Imagine your patient sitting on the floor during a tooth extraction while you hold their head firmly between your knees. That’s what they did before the 17th century, according to the University of the Pacific’s Virtual Dental Museum.
Luckily, improvements in the comfort and versatility of the dental chair have been made over the last 300 years, vastly improving the experience for both the patient and the dentist. From the University of the Pacific’s Virtual Dental Museum, here’s a brief history of how the dental patient chair transformed into what it is today.
In America in the early 1800s, a rocker with a properly placed log acted as a mechanical dental chair.
People realized the benefits of a more supportive yet flexible seat, and, in the mid-1800s, dental manufacturers introduced ornate chairs with varying degrees of headrest, footrest, back, and seat adjustability.
After the Civil War ended in 1865, metal replaced wooden chairs, partly to stop the spread of disease, and SS White pioneered the all-metal dental chair, which remained popular for almost 100 years.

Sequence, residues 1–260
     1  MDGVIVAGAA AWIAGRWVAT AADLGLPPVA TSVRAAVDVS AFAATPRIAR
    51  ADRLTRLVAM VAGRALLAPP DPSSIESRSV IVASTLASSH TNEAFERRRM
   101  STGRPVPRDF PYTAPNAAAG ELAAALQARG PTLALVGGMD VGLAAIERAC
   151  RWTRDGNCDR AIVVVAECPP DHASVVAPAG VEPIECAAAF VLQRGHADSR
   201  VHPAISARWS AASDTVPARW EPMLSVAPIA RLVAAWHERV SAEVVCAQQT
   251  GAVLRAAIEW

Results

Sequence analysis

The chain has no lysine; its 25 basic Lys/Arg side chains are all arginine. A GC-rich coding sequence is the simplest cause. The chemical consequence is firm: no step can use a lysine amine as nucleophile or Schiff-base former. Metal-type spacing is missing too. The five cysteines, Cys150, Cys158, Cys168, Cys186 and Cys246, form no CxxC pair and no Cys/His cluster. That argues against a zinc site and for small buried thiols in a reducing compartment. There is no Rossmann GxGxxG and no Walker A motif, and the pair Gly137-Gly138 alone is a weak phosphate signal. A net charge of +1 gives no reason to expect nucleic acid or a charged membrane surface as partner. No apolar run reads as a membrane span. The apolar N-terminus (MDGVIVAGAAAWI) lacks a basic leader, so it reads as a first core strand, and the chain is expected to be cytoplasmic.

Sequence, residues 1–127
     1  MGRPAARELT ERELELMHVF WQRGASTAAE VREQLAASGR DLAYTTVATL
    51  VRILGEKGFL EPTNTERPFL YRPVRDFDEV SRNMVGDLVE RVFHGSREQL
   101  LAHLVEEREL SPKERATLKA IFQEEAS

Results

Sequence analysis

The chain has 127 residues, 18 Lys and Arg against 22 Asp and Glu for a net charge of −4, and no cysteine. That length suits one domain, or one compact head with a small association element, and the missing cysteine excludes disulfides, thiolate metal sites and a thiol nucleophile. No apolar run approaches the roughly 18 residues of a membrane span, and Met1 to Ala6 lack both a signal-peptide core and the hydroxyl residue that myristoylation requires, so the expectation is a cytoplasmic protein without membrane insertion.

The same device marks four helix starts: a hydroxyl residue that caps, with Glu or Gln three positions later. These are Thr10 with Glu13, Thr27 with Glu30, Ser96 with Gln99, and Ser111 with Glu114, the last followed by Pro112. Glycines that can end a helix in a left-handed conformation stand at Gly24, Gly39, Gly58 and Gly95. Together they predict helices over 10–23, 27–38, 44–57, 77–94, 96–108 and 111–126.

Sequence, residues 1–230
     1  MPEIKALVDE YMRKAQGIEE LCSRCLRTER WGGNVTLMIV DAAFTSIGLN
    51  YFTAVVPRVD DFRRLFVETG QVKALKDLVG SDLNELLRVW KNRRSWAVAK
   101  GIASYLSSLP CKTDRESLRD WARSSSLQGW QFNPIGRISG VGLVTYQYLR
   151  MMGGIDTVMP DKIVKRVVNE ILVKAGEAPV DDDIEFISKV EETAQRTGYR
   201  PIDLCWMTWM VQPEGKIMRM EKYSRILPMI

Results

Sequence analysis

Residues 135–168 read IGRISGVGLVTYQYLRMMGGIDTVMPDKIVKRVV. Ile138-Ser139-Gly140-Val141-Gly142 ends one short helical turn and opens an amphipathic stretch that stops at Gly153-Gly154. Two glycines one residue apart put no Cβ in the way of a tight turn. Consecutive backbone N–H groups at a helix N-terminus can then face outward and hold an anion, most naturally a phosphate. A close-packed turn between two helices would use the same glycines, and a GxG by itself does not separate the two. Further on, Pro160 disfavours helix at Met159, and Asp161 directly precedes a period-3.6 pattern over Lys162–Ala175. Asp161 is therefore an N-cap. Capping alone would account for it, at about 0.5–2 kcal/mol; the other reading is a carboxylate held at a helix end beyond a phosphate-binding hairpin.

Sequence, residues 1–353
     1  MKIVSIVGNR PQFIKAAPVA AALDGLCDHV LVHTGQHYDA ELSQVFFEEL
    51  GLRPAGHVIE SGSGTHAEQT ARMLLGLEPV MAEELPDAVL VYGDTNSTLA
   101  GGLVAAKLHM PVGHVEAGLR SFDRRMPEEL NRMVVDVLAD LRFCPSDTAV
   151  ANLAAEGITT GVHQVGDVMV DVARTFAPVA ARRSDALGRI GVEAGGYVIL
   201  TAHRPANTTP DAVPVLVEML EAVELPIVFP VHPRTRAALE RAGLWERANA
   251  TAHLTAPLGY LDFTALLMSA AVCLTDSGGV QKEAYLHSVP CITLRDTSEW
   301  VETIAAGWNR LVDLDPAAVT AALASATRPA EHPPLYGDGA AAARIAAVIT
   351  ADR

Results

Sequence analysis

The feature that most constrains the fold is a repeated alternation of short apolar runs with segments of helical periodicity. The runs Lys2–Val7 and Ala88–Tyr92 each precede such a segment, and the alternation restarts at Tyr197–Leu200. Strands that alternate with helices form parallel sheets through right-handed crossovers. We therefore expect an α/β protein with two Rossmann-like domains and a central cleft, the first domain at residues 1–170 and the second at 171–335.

In 1958, the reclining chair was invented by John Naughton, and it allowed the dentist to sit during procedures while the patient lay in a prone position. Due to its more flexible seat design, Naughton’s recliner was accepted as the standard by the dental profession.
Today’s dental chair maximizes patient comfort while allowing the dentist to adjust position for optimal access to the oral cavity. For example, Planmeca's Compact i Touch dental unit offers comfort for the patient and efficiency for the dentist. Click here for more details on this system.
Want ultimate comfort for your patients? Check out the Crescent Bodyrest System, a Dental Product Shopper Recommended Product that was evaluated in 2014.
Click here for a listing of patient chairs on DPS.com.
Photo compliments of University of the Pacific’s Virtual Dental Museum.